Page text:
Don’t miss the stunning Double Cluster in Perseus

The tremendous Double Cluster is a magnificent sight through binoculars and small telescopes. Image: Greg Parker.

Apart from perhaps the superb Pleiades open cluster in Taurus, the magnificent pair of open clusters forming the Double Cluster in Perseus is the finest in its class at mid-northern latitudes. Formally classified as NGC 869 and NGC 884 (h and chi [χ] Persei, respectively), either cluster rivals or eclipses the vast majority of open clusters, including those of the Messier variety. As a pair though, the Double Cluster is one of the most stunning of deep-sky objects in the entire sky.

The Double Cluster can be spied without optical aid on the best of nights at a dark-sky location, but a never-to-be-forgotten sight awaits through a pair of binoculars or a small telescope – the field of view strewn with myriad, sparking jewels of varying brightness and colour set against a deep velvet backdrop. One could go as far as to argue that only the Moon provides a finer binocular view! This is an object where smaller is best: an 80mm, f/5 refractor at 40× frames the pair, covering a degree across side by side, nicely.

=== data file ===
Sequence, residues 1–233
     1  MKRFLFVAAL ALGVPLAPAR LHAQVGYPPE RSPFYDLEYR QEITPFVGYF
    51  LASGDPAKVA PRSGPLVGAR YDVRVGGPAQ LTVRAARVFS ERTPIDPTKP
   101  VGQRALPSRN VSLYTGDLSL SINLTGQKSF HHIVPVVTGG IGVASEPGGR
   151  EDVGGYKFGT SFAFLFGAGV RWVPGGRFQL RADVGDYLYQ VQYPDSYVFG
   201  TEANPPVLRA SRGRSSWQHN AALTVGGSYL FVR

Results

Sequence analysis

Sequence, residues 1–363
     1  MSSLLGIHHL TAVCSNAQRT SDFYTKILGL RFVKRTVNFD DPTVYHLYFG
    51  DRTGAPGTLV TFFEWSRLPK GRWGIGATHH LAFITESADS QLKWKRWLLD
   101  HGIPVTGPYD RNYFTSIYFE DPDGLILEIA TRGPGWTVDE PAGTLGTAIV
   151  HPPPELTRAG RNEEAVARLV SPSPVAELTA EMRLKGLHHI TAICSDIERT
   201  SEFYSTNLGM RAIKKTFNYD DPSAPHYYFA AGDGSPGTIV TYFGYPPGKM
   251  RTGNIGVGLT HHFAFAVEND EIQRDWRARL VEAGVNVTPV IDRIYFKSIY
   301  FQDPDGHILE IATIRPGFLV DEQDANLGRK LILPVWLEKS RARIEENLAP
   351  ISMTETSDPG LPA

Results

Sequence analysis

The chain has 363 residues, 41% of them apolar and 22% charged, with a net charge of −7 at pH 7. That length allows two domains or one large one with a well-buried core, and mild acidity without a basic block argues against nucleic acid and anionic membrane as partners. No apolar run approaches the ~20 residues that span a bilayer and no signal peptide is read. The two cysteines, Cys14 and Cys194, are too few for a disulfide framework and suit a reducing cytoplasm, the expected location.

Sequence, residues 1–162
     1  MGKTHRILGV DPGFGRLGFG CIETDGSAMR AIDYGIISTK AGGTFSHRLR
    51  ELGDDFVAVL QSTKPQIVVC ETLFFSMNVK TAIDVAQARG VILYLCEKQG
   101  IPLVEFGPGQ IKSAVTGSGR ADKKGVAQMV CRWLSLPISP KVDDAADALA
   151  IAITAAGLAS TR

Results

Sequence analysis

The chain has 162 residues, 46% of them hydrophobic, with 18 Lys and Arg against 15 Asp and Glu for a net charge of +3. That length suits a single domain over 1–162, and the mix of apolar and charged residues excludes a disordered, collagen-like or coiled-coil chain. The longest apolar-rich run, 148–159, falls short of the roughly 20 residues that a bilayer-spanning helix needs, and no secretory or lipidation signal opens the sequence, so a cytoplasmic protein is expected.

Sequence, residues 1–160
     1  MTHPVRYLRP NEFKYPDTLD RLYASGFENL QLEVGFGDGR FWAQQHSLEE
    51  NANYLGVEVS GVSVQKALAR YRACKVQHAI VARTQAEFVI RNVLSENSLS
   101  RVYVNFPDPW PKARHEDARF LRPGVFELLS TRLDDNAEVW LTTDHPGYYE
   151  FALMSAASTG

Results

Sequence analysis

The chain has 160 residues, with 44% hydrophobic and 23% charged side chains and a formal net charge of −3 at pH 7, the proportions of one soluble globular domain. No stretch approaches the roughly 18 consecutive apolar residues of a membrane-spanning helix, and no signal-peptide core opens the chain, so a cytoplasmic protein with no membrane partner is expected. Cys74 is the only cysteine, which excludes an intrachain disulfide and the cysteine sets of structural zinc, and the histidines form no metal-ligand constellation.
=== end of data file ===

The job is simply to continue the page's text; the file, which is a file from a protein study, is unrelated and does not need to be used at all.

The Double Cluster is easy to find; lying close to Perseus’ northern boundary with Cassiopeia, the latter’s famous ‘W’ asterism can be put to good use as a celestial signpost. First, locate the central star of the five stars in the ‘W’, gamma (γ, mag. +2.1) and then Ruchbah (delta [δ], +2.7), the next star eastwards. If you sweep eastwards by roughly two lengths of an imaginary line between the two stars (roughly seven degrees in total), then you should land on the Double Cluster with little difficulty.

Each cluster spans about 30 arcminutes across, the same size as the full Moon. NGC 869, the more westerly of the two, has a slightly more concentrated core than NGC 884 and is brighter overall too, with an integrated mag. of +5.3 as opposed to its companion’s +6.1. A pair of 10×50 binoculars easily resolves most of stars lying in both clusters, which range in magnitude from +7 to +10.

On early November nights, the Double Cluster culminates very close to the zenith (it’s circumpolar [never setting] from the UK), where the sky is at its most transparent and steady, and at the reasonably-sociable hour of about 11pm.

The Double Cluster is easy to find, lying in northern Perseus, very close to the boundary with Cassiopeia, whose ‘W’ asterism provides a handy signpost to it. AN graphic by Greg Smye-Rumsby.